It’s already been a troubled start to 2022 for the global economy, with the Omicron variant of Covid-19 disrupting a range of industries. In this article, Valkyrie looks ahead to what else might be in store for 2022.
Dysfunctional, unstable and vulnerable states: The top security risk for 2022 comes from the rise of dysfunctional, vulnerable and fragile states. Globally, the Covid-19 pandemic reduced capacity to absorb and manage external shocks and internal challenges. Political and institutional fragility in the global south will continue to play out in conflict, state failure, coups and economic crises. In the prosperous north, social unrest, radical activism and rising criminality among traditionally stable economies will present a challenging security environment. With the US and China distracted by domestic priorities, and the EU, UK, and Japan unable to fill the resulting power vacuum, many countries and regions will be left with unmanaged crises. In Afghanistan, a disorganised and inexperienced Taliban will struggle to stop the Islamic State from drawing foreign militants into ungoverned expanses of the country. The risk of terrorism also remains high in the weakly governed Sahel. Civil wars will create new risks in Yemen, Myanmar and Ethiopia. Venezuela and Haiti risk growing refugee crises.
Climate change is an aggravating factor for terrorism: The world’s environmental decline puts any unstable or combative region at greater risk of security threats. Climate change is the ultimate threat multiplier – global in nature, crossing not only geographic boundaries but impacting other geopolitical risks at the local, regional and international levels – and, despite significant focus at the highest levels at 2021’s Cop 26, neither public nor private sector policies have sufficiently evolved to meet the challenge.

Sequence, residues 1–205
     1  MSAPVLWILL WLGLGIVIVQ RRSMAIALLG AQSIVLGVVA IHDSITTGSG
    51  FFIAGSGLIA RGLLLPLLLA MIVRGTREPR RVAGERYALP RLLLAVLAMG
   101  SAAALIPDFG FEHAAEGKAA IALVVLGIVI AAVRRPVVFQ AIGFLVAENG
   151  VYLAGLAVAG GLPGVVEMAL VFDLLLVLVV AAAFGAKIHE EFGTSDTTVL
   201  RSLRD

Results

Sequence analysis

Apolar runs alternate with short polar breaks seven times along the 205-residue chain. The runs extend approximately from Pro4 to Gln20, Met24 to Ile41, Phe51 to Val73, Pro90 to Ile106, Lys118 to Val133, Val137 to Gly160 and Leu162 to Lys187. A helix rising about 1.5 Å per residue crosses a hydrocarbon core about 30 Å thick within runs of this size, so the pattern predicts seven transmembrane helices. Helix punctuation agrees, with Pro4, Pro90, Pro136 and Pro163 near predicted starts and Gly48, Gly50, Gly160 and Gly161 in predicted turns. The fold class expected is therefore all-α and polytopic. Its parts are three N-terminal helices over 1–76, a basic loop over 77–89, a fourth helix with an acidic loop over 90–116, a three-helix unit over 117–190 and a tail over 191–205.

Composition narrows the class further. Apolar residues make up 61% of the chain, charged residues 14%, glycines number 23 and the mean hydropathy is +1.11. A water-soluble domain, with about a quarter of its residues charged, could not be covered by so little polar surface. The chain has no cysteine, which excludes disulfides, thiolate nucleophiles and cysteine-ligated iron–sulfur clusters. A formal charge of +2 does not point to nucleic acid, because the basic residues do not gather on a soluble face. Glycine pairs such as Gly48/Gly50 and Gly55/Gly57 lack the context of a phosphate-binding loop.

Zero-Covid policy: The zero-Covid policy is doomed to failure. In the developed world, the end of the pandemic is near: the highly transmissible Omicron variant is colliding with significantly vaccinated populations, which are bolstered by highly effective mRNA vaccines and Covid-19 treatments. Yet, even in the developed world, the economic hangover from the pandemic will endure this year, with disrupted supply chains and persistent inflation. China, the primary engine for global growth, will face highly transmissible Covid-19 variants without access to the most effective vaccines and, therefore, with far fewer people protected by previous infection. China’s policy will fail to contain infections, lead to larger outbreaks, and require more severe restrictions and lockdowns. This will result in greater economic disruptions, lower consumption, and a more dissatisfied population at odds with the triumphalist ‘China defeated Covid’ narrative of the state-run media. China’s problem will continue until it has rolled out domestically developed mRNA vaccines and boosters for the world’s largest population (end of 2022 at the earliest). In general, developing countries will be hit hardest, and political incumbents will bear the brunt of public anger. Demand for boosters in wealthier countries will prevent effective vaccines from becoming more widely available. New outbreaks will slow economic growth in emerging markets and leave poorer governments with more debt. In all these ways, Covid-19 will continue to drive political and economic instability.
China: An increasingly onerous zero-COVID policy and President Xi Jinping’s reform plans will unsettle markets and businesses in 2022. Xi’s vision of technological self-sufficiency, economic security, and social harmony to make China strong will collide with intensifying pushback from the West, an exhausted growth model, an overleveraged and unbalanced economy, and a rapidly aging population all exasperated as COVID-19 variants continue to circulate.